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If you’ve ever been to Washington University in St. Louis, walked through the English-style layout of gothic and brick academic buildings on the vibrant, yet relatively peaceful, city campus that gives the highly regarded university an air of distinction, you would be hard pressed to assume that is one of the schools at which the legendary, raunchy fraternity comedy “Animal House” was born. Then again, if you looked at “Animal House” cowriter Harold Ramis circa 1977–skinny, bespectacled, and looking more like a character from “Revenge of the Nerds” than his own film “Animal House,” you probably wouldn’t expect the Wash U. and Zeta Beta Tau alumnus to be one of the sources of a comedy centered around a group of sexually depraved, socially dysfunctional fraternity men either.
Harold Ramis, who died yesterday at the age of 69, was a comedy icon, and by virtue of his collaborative writing effort on “Animal House,” which was his first screenwriting gig, Harold Ramis was also a fraternity legend.
Ramis’s filmography is truly one of the all time impressive bodies of work in the history of Hollywood. The actor, writer, and director was, in one form or another, responsible for a litany of classic films. Ramis’s writing credits include “Animal House,” “Meatballs,” “Caddyshack,” “Stripes,” “Ghostbusters,” “Ghostbusters II,” and “Groundhog Day.” Ramis also directed “Caddyshack,” “National Lampoon’s Vacation,” “Groundhog Day,” and several episodes of hit TV show “The Office.” Most people might best remember Ramis for his acting role as hyper-intelligent “Ghostbusters” mastermind Egon Spangler. Ramis also played bit parts in a number of other films, most notably “Knocked Up” and “Orange County.” Four of those films–“Ghostbusters,” “Animal House,” “Caddyshack,” and “Groundhog Day”–are on the American Film Institute’s list of the top 100 comedies of all time. As if Ramis’s filmography wasn’t enough to cement his status as a legend, the comedy writer began his career penning jokes for Playboy. The guy was just killing it from the start.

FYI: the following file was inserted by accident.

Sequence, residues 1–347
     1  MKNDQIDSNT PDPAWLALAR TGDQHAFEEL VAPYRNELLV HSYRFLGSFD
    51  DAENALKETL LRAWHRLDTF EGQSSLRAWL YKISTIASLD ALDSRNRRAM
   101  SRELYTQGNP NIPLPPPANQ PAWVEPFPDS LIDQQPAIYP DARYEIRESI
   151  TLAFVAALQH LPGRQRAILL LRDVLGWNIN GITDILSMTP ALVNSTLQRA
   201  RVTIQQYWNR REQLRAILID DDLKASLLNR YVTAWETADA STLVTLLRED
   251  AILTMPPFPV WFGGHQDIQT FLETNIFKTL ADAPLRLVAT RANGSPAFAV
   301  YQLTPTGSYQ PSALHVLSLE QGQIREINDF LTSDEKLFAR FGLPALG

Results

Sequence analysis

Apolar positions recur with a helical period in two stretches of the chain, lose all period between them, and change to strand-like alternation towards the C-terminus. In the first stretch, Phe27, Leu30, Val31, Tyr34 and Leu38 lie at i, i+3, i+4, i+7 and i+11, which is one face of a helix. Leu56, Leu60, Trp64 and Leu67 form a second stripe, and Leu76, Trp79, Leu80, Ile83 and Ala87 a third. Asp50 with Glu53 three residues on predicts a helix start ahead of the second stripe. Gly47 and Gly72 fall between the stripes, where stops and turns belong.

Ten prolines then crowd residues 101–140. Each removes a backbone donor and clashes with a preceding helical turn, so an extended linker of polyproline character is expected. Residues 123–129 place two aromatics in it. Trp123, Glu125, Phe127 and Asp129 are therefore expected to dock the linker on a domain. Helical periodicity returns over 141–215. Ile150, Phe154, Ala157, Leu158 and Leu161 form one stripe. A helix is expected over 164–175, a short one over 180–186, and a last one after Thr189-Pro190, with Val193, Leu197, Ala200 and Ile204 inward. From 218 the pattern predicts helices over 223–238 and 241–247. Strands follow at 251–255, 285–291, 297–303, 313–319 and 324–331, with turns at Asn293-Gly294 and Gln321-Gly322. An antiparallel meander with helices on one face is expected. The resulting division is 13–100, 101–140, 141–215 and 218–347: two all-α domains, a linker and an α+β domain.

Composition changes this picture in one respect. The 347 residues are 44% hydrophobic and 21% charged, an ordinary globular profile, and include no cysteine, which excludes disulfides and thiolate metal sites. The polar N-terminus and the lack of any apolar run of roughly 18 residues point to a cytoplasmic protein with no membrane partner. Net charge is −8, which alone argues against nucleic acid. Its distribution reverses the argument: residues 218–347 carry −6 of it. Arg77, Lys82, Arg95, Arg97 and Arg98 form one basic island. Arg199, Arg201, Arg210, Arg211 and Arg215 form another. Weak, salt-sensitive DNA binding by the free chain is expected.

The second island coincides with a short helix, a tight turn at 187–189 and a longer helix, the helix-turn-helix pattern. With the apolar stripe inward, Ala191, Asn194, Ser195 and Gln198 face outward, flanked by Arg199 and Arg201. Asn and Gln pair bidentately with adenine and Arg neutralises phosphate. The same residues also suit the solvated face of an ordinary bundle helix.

For many, “Groundhog Day” was Ramis’s most outstanding film, and it’s hard to disagree, but this is Total Frat Move. “Animal House” will always be his most outstanding work to us, though we will hear arguments for “Caddyshack” as well.
Looking back on “Animal House,” it’s hard to tell exactly what Ramis contributed compared to his two cowriters, Douglas Kenney and Chris Miller, or director John Landis. Ramis was known for his ability to write hilarious quips, so perhaps lines such as “Only we can do that to our pledges,” or “Was it over when the Germans bombed Pearl Harbor?” were Ramis’s doing, though it’s impossible to guess. However, one part of the film that always struck me as something that could and absolutely would happen in St. Louis, where Ramis’s alma mater is located, is the scene in which a group of sheltered, white frat guys go to a black club to be “cool,” only to spend the entire time sitting in the corner, terrified for their lives, because black people. I like to imagine that maybe, sometime during the ’60s, perhaps on the East Side, Ramis and some of his sheltered, Wash U. ZBT brothers tried to pull that very same, hilariously misguided stunt, with similar results.
Rest in peace, Harold Ramis, comedy icon and fraternity legend. To show proper remembrance to the “Animal House” writer, my advice to all you TFM readers is to start drinking heavily.